Telecom and other related advocacy groups also greeted the FCC’s proposal with a similar divisive tone.
On one hand, telco-centric organizations like the Telecommunications Industry Association and the Heartland Institute, praised the FCC’s actions.
Cinnamon Rogers, senior VP of government affairs for TIA, said that eliminating Title II from the net neutrality framework will benefit customers because service providers will be able to build out additional networks to support more applications and higher speeds.
“The FCC’s longstanding approach to a light touch regulatory framework allows providers to deliver more access, higher speeds and greater connectivity to consumers,” Rogers said. “A free and open internet that protects consumers is essential – and is best delivered through balanced and broadly supported rules that encourage investment, competition and innovation.”
The Heartland Institute agreed, adding that a lighter touch regulatory environment will encourage new innovations for broadband and other services.
“Government-directed net neutrality was, is, and always will be a solution in search of a problem,” The Heartland Institute said in a statement. “Market incentives created the modern Internet, and free-market competition will ensure it self-regulates to serve consumers with the best service and lowest prices.”
Incompas, which provides advocacy for competitive service providers, claims that overturning the current rules will hurt consumers and businesses.
“Failed legal arguments and failed ideology presented by those seeking to let AT&T and Comcast block, throttle and control the internet will do great harm to upstarts and entrepreneurs, faith and religious organizations, and conservative and rural voices longing to be heard,” said Chip Pickering, CEO of Incompas.
Meanwhile, Carmen Scurato, director of policy and legal affairs at the National Hispanic Media Coalition, said that the FCC’s action could hinder Latinos from getting access to affordable broadband services.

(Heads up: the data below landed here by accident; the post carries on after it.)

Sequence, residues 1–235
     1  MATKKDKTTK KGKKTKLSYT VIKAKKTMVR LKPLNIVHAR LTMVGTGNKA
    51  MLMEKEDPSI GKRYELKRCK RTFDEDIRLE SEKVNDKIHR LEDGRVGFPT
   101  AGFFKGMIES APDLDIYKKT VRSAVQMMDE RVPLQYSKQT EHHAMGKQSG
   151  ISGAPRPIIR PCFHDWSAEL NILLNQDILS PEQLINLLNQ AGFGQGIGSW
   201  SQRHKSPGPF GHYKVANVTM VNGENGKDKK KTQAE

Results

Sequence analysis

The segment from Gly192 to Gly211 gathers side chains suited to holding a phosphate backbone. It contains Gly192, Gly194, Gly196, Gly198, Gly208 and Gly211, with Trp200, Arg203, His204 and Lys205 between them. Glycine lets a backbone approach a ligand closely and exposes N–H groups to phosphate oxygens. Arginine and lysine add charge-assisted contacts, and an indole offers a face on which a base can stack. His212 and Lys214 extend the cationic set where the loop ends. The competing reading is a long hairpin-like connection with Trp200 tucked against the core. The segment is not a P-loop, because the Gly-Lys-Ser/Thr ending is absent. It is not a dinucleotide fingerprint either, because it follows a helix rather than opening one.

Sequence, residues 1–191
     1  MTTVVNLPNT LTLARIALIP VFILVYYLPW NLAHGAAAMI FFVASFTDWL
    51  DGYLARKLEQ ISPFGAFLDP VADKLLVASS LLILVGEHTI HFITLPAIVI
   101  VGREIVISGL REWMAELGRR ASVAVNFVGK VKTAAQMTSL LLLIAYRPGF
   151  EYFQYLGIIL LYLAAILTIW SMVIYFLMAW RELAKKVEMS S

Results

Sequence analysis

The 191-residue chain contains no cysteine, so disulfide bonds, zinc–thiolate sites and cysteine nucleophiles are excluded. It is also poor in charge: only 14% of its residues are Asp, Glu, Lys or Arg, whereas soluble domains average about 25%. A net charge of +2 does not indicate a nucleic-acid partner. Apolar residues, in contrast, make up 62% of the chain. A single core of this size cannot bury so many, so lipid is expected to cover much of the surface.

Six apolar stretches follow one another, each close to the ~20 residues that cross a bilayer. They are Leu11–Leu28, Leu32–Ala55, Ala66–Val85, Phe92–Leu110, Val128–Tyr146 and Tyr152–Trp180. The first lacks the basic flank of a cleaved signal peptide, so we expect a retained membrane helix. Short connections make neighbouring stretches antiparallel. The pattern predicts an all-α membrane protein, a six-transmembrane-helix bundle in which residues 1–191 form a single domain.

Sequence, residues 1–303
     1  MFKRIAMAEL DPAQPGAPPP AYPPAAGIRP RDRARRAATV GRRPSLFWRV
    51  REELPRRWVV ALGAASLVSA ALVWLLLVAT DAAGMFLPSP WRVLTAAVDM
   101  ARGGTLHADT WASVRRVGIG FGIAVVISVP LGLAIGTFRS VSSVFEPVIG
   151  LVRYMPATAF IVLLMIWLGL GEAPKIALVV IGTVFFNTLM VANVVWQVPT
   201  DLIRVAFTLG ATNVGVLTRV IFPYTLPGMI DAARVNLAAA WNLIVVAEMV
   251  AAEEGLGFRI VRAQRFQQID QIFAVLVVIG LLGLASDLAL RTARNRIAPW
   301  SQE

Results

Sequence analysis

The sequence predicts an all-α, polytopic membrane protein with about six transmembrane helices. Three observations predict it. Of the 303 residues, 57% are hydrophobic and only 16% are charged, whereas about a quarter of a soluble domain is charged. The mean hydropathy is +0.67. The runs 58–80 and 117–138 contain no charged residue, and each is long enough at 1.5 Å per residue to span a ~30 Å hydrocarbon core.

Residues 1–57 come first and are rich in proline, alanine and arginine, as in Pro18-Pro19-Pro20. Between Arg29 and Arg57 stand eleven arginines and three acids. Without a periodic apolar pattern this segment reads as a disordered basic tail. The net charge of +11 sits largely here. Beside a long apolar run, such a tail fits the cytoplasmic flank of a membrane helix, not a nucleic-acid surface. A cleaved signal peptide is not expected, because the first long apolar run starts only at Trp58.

“The FCC vote today shirks the agency’s obligations as a consumer watchdog in ways that threaten to widen the digital divide by giving Internet Service Providers more power to restrict access to the internet,” Scurato said. “The cost of internet access is already a major reason why half of Latino households are offline and remain disconnected.”
Capital fights continue
One of the main arguments between supporters and critics of current net neutrality rules is over the effect Title II classification had on network investment.
On one side of the debate, groups like US Telecom—which serves as the advocate for the traditional ILEC industry—contend that service provider spending on network facilities declined in 2015 when the current order was passed.
The industry group said its estimates show that in 2016, capital expenditure for ISPs was $71 billion, down from $73 billion in 2015 and $74 billion in 2014.
“Our annual report on broadband investment (see methodology here [PDF]) showed investment dropped by $1 billion in 2015 and our preliminary look at 2016 capital expenditures suggests that slide continued,” a US Telecom spokesman said in a statement.
However, reports from the Free Press and Internet Association paint a different picture.
According to a study by Free Press (PDF), the aggregate capital investments at publicly traded ISPs were 5% higher during the two-year period following the FCC’s open internet vote in February 2015 when compared to the two years prior.
Free Press contended that 16 of the 24 publicly traded ISPs following the FCC’s vote, led by spending on core network expansion. Cable ISPs showed the biggest increase, with physical network investments up 48% over the two years.
Similarly, a new study (PDF) by the Internet Association showed that service provider investment in telecom infrastructure rose 5.3% to $7.3 billion from the periods 2013-2014 to 2015 to 2016.